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Editor’s note: Media reports around The Beacon‘s press time Jan. 25 indicated President Donald Trump would agree to a deal to reopen the government through Feb. 15, though a funding bill had not actually been passed by press time. We are printing this story to show the difficulty the shutdown has caused for government workers in West Volusia.

For millions of Americans, layoffs are nothing new. Factories close, retailers go bankrupt and businesses merge, often causing collateral damage in the form of abrupt unemployment.

What really happens when someone suddenly becomes unemployed and is without an income?

Meet a casualty of the partial federal shutdown: Alyce Shelton. She works as a housing technician for the U.S. Department of Agriculture, whose personnel and operations have not yet been funded by Congress.

The last day she worked was Dec. 21, and the lack of pay is causing hardship. For Shelton and others in her predicament, the shutdown cannot end soon enough.

“I’m just concerned,” she said. “I just hope they fix it soon.”

Shelton said she hadn’t anticipated being thrown out of work because of partisan wrangling in Washington.

“Like other people, right before Christmas, had I known, I would have done things differently,” she said.

At 56, Shelton is a GS-7 federal civil-service employee and the mother of three grown children.

Her job involves placing low-income families in apartments approved by the USDA for rental assistance.

“I work with the property managers and agents,” Shelton said. “I make sure the property is up to USDA standards. We inspect the property. We also interview 10 to 20 percent of the tenants and make sure they are comfortable.”

If a hurricane or other disaster leaves her clients’ dwellings uninhabitable, Shelton would assist in relocations.

Shelton said the office out of which she and approximately 15 staffers work is in Championsgate, near Davenport. She covers a nine-county area.

Shelton drives from her home in Deltona 65 miles one way, or 130 miles round trip, each weekday. If there is a bright side to her shutdown story, she said, it is not having to buy gasoline for the daily commute, and “less wear and tear on the car.”

Signs of trouble for federal employees first appeared in the days leading up to the shutdown.

“Inside the office they would send us emails telling us, ‘in the event of,’” Shelton said.

The employees were warned communication would be difficult in the event of a shutdown.

“We were reminded we could no longer access any computers, phones or anything,” she said.

Shelton has not heard from her supervisor since the office was locked.

The shutdown began at midnight Dec. 22, and has since become the longest federal government shutdown in U.S. history.

The dispute stems from President Donald Trump’s demand for $5.7 billion in funding for a border wall, which Democrats, who took control of the House of Representatives Jan. 3, have balked at.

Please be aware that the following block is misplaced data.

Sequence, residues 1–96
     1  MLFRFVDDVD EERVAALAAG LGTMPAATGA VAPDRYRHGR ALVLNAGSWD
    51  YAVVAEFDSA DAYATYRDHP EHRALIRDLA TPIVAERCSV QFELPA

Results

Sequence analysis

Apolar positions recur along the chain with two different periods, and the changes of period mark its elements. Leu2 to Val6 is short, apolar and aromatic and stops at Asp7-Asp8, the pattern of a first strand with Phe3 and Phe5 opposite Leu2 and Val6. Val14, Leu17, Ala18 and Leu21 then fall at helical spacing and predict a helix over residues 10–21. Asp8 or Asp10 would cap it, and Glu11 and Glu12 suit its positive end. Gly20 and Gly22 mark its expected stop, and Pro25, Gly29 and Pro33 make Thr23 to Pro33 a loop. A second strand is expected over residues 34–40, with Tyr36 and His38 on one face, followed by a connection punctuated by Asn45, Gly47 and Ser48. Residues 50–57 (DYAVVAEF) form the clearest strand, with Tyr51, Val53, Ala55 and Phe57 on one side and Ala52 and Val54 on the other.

The shutdown is impacting 800,000 federal employees, about half of whom are furloughed, like Shelton.

Others, who are considered essential employees, like federal law-enforcement personnel, are working without pay.

She has cut back on spending and has begun juggling monthly expenses to make ends meet.

“I pay $1,350 a month for rent. I asked my landlord, ‘Can I pay you $1,000 now?’” she said, adding she intends to catch up on past-due rent after she returns to work. “He was very nice.”

So far, she has not gone hungry.

“My mom happens to be a food hoarder. She grew up really poor. She’s given food. A friend called and said, ‘I have a bag of food for you,’” Shelton said.

She has been touched by the generosity and caring of others.

“I have been truly, truly blessed with friends who have helped,” she said.

One blessing came as Shelton attended a Dr. Martin Luther King Jr. Day event in DeLand.

“A friend at the park, Earl Brown Park in DeLand, I had just met him the day before, and he said he wanted to help, and he gave me what he had. I got to the car, and it was about $80,” Shelton said.

Austerity has meant fewer purchases of more healthful food, such as fresh vegetables and fruit.

What about electricity?

“I have not been cut off,” Shelton said. “I made it through January. February is when I’m going to feel the real impact. It’s going to be difficult.”

Jan. 25 was supposed to be a payday.

Under the federal pay schedule, the next payday — if the shutdown ends — may not be until Friday, Feb. 8.

Federal employees, by the way, do not receive checks, but have their wages deposited directly into their bank accounts.

If the shutdown suddenly ends, Shelton said it would take at least two months to get back on track and pay outstanding bills.

In the meantime, she may face a more immediate threat.

“I’m worried about my health insurance, and I have high blood pressure. I need to renew my medication. I just got my last refill,” Shelton said.

Like others in and out of government, Shelton is waiting for an end to the roller-coaster ride of high hopes and low expectations.

In what has been the longest federal shutdown or lockout in American history, Shelton and her civil-service compatriots can look back in future years and say, “I went through it.”

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